Update on Adjustable Trans-Obturator Male System (ATOMS) for Male Incontinence after Prostate Cancer Surgery

Curr Oncol. 2023 Apr 12;30(4):4153-4165. doi: 10.3390/curroncol30040316.


(1) Background: The adjustable trans-obturator male system (ATOMS) is a surgical device developed to treat post-prostatectomy incontinence (PPI) after prostate cancer treatment. We review the current literature on this anti-incontinence device with the intention of assessing the effectiveness, safety and duration of the silicone-covered scrotal port (SSP) ATOMS, the only generation of the device that is currently available. (2) Material and Methods: Non-systematic literature review is performed. Forty-eight full-text articles are assessed for eligibility. Case reports, expert opinions or commentaries without specific data reported (n = 6), studies with patients who underwent intervention before 2014 (IP or SP ATOMS; n = 10), and studies with incontinence after transurethral resection of the prostate (TUR-P; n = 2) are excluded for analysis. Thirty studies with SSP ATOMS are included in a qualitative synthesis that incorporates systematic reviews (n = 3), articles partially overlapping with other previously published studies (e.g., follow-up or series updates; n = 9), and studies focusing on specific populations (n = 8). Only articles revealing outcomes of SSP ATOMS were included in the quantitative synthesis of results (n = 10). (3) Results: the pooled data of 1515 patients from the 10 studies with SSP ATOMS confirmed very satisfactory results with this device after adjustment: dry rate: 63-82%, improved rate: 85-100%, complication rate: 7-33%, device infection rate: 2.7-6.2% and explant rate: 0-19%. The durability of the device is reassuring, with 89% of devices in place 5 years after implantation. (4) Conclusion: Despite the absence of randomized controlled studies, the literature findings confirm results of SSP ATOMS appear equivalent to those of artificial urinary sphincters (AUSs) in terms of continence, satisfaction and complications, but with a lower rate of revision in the long-term. A prospective study identified that patients with daily pad test results <900 mL and a Male Stress Incontinence Grading Scale (MSIGS) of not 4 (i.e., early and persistent stream or urine loss) are the best candidates. Future studies centered on the elder population at higher risk of impaired cognitive ability and in patients including radiation as prostate cancer treatment are needed.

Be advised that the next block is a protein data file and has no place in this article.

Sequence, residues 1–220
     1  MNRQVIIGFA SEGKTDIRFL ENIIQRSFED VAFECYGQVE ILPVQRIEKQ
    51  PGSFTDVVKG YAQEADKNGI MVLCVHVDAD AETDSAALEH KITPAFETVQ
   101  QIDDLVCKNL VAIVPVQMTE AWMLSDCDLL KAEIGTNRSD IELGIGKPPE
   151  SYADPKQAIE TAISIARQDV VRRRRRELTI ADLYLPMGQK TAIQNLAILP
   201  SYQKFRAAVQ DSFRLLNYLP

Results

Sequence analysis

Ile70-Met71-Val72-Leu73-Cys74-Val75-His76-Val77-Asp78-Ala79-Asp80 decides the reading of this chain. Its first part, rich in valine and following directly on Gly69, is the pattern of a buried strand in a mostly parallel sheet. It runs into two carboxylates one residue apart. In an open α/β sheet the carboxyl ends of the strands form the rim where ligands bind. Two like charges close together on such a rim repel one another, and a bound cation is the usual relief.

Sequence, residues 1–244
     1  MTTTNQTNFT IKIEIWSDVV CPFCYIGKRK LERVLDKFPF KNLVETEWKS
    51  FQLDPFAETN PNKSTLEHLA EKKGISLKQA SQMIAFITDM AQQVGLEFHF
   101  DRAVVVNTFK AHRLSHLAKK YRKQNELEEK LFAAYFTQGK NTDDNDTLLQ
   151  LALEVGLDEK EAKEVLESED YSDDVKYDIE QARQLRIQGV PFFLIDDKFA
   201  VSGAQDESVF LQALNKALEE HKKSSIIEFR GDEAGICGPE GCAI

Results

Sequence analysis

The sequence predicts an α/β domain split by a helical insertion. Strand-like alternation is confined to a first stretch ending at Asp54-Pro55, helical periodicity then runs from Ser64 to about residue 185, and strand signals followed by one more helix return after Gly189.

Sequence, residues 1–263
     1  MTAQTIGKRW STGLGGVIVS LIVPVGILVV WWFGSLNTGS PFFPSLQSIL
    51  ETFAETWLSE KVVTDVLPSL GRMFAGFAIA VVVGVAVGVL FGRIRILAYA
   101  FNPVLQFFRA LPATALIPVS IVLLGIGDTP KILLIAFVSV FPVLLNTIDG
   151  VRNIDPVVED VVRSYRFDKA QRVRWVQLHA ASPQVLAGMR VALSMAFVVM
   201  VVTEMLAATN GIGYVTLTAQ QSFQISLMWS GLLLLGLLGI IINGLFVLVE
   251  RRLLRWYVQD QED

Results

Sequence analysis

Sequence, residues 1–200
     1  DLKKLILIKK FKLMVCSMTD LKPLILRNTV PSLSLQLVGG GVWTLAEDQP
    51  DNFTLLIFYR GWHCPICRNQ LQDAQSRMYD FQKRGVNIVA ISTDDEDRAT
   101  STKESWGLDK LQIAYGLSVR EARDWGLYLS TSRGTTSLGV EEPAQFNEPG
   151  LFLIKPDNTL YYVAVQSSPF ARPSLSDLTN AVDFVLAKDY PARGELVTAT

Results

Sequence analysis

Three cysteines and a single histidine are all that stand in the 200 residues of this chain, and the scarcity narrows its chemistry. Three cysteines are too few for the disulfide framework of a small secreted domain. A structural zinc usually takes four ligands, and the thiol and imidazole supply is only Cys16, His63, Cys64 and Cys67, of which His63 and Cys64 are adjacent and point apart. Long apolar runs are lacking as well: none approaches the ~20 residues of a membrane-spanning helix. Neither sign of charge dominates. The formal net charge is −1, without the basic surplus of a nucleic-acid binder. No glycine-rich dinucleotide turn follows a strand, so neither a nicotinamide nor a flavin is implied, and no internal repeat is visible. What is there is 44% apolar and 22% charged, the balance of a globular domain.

Keywords: adjustable trans-obturator male system; artificial urinary sphincter; effectiveness; post-prostatectomy incontinence; prostate cancer; safety.

Publication types

  • Review

MeSH terms

  • Aged
  • Humans
  • Male
  • Prospective Studies
  • Prostatic Neoplasms* / surgery
  • Prosthesis Design
  • Suburethral Slings*
  • Transurethral Resection of Prostate*
  • Treatment Outcome

Grants and funding

This research received no external funding.